There are other persuasive reasons why it may be beneficial to extend access to EI to TFWs who get laid off. From a development perspective, for instance, many of the benefits the Canadian government provides to migrant-sending countries through our temporary labour programs would be erased. Financial remittances can quickly become nullified in an economic slump (or at least reduced, as workers overstay their visas to work informally). Repatriated foreign workers from poorer countries will likely have very limited or no access to formal social security assistance upon their return home, and the reduction or cessation of remittance transfers may negatively impact the livelihood of an entire extended family. Returning foreign workers will have diminished ability to contribute to local economies; they may even be in debt from paying the costs associated with migration.

According to estimates calculated by the authors, based on the official skill distribution of TFWs and their approximate income levels, TFWs and their employers contributed as much as $300 million in employment insurance premiums in 2008 alone.

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From a Canadian business perspective, access for TFWs to social security is also important. In many sectors in Canada, such as the trades, the oil sands, general labour, the agricultural sector and the meat-packing industry, there is a shortage of Canadians willing to do the jobs, illustrated by the fact that TFW new hires are not down significantly. Under certain TFW categories, employers also pay a significant sum of money to transport their foreign workers to Canada and house them; a net loss of foreign workers translates into a net loss on their investment.

Unless the government introduces concrete incentives to Canadians to relocate and retrain for employment in these sectors, as Janice MacKinnon outlined in the September 2009 issue of Policy Options, employers are likely to rehire the same foreign workers once economic conditions improve, rather than look elsewhere. Considering Canada’s rapidly aging workforce, more and more businesses are opening their arms to all migrant groups, including temporary foreign workers, in order to maintain production and growth in the long-term. In this context, short-term government investment in TFWs through enhanced access to social security assistance could produce a long-term return on Canadian business investments.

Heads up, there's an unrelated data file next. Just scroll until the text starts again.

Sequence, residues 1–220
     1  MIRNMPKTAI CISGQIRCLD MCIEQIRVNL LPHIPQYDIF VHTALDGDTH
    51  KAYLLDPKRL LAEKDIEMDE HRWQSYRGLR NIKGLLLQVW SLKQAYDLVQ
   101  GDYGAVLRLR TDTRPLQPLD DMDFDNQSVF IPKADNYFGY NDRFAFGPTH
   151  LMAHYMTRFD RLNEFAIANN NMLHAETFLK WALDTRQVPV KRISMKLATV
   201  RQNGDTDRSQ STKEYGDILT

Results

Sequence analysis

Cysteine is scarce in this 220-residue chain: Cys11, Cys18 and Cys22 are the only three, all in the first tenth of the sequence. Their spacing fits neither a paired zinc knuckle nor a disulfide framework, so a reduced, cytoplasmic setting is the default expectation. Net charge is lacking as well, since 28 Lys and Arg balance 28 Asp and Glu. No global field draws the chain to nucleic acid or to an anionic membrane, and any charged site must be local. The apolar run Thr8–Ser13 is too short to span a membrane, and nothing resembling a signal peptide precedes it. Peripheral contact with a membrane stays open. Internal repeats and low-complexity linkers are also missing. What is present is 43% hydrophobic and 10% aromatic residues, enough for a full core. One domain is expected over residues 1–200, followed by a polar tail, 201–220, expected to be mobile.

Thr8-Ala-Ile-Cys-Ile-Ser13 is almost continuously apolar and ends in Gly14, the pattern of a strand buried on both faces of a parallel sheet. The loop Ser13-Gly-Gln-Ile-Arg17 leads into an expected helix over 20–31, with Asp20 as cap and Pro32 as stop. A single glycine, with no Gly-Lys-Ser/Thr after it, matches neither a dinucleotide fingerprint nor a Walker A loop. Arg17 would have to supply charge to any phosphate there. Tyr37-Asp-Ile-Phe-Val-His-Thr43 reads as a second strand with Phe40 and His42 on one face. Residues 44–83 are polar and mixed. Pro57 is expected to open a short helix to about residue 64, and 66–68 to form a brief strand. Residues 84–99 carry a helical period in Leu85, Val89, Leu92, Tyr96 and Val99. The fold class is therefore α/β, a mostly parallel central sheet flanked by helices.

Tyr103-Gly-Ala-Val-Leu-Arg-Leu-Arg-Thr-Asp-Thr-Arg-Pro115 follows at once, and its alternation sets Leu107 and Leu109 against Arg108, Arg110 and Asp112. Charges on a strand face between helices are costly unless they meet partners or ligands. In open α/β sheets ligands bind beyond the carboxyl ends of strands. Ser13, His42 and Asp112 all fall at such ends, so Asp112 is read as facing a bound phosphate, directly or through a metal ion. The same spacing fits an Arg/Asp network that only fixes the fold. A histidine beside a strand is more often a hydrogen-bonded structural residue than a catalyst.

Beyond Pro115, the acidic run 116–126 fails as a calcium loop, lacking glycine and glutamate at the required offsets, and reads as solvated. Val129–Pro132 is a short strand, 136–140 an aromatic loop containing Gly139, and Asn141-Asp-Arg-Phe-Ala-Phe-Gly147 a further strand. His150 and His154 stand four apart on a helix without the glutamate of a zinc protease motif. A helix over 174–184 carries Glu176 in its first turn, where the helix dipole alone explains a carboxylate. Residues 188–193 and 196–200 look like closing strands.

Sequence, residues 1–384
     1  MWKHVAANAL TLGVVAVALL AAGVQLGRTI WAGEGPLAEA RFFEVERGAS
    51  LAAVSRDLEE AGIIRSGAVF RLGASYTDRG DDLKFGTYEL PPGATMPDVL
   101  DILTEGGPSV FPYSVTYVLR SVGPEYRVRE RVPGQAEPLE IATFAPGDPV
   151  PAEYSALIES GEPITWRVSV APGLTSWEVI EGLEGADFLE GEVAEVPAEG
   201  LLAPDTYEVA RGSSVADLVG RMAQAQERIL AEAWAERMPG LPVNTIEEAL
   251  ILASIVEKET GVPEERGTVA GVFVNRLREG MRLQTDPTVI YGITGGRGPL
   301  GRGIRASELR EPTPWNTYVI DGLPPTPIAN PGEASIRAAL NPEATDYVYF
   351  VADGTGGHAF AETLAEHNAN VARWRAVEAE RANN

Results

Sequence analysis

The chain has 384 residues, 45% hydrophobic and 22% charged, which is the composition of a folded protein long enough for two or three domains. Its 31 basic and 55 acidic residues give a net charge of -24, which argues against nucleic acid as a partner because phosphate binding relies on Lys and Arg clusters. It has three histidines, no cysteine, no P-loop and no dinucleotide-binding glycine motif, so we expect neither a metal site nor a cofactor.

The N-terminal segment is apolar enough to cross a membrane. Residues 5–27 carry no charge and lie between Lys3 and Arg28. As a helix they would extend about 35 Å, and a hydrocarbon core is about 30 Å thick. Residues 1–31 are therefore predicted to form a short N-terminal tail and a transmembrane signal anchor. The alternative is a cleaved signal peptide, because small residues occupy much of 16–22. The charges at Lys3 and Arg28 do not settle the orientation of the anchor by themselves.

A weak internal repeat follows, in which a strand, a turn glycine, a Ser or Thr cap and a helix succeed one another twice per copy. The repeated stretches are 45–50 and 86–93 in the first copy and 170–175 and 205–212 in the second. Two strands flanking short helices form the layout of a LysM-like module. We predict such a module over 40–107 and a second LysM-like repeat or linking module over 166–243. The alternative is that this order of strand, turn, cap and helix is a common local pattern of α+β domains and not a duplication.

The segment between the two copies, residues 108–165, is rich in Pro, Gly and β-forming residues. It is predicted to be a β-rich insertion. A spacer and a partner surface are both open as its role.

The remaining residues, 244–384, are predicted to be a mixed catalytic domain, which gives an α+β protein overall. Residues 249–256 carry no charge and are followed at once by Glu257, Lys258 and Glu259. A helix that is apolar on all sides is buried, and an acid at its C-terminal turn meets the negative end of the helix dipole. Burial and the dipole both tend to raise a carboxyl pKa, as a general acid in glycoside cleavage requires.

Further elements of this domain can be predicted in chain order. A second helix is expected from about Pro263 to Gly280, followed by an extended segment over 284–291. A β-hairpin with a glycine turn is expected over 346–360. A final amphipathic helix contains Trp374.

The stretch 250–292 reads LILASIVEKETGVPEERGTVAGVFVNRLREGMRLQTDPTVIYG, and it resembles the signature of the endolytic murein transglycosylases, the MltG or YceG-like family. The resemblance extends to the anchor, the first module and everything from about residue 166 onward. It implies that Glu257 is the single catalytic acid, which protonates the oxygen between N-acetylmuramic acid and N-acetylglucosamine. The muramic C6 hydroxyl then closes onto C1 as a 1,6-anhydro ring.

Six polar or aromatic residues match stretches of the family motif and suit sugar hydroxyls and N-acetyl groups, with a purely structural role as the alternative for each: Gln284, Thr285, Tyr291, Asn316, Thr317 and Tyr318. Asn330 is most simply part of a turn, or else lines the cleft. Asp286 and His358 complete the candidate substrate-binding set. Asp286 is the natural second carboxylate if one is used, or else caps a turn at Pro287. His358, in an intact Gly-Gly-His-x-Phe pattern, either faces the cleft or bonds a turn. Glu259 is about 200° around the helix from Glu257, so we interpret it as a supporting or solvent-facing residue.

There are a number of steps that the Canadian government could endorse to rectify this situation and maintain its place in a competitive labour market, steps that other governments are currently exploring. For instance, all workers legally employed in Spain are entitled to the gamut of social security benefits, provided they have paid into the system for a minimum number of years. Foreign workers who become self-employed after having been laid off from their original contracts in Spain are also entitled to these public benefits.

The Philippines supports a more private sector model of social assistance for its nationals working overseas. Its Office of Overseas Workers Welfare recently started a program that offers financial assistance and training to returning overseas workers who lost their jobs due to the global financial crisis, in addition to a myriad of services and loans offered to Filipinos before and during their overseas contracts.

Other policy proposals Canada could consider to address the noncitizen EI exclusion problem include the following:

  1. Offer migrant workers who are dismissed and their employers exit refunds, equivalent to what they paid into the social security system during the duration of the work permit.
  2. Strengthen and enforce existing domestic labour legislation, introducing nondiscrimination clauses with respect to workers’ social security rights.
  3. Introduce new (or reform the existing) bilateral or multilateral labour agreements with TFW-sending countries, in order to cover social security entitlements and procedures, including overseas portability.
  4. Offer financial contributions to government migrant assistance programs in the major TFW-sending countries.

Of course, our proposals will not be without their critics. Before any reforms can be made to the system, there are other important questions, such as these: Will an extension of social security in practice to foreign workers be politically palatable in Canada, or will it become too costly? Is this type of assistance a priority for Canadians? Are there other broad and proactive means that could provide social protection to vulnerable groups, including foreign workers? There are also process questions. For instance, is it the responsibility of the private sector rather than taxpayers’ responsibility to provide social protection to TFWs?

These are all valid questions. Regardless of the eventual outcomes on these matters, now is the time for a nuanced reflection on the inequalities in social security access in all groups in Canada, including noncitizens.

For more information on this topic, including information on EI estimates, visit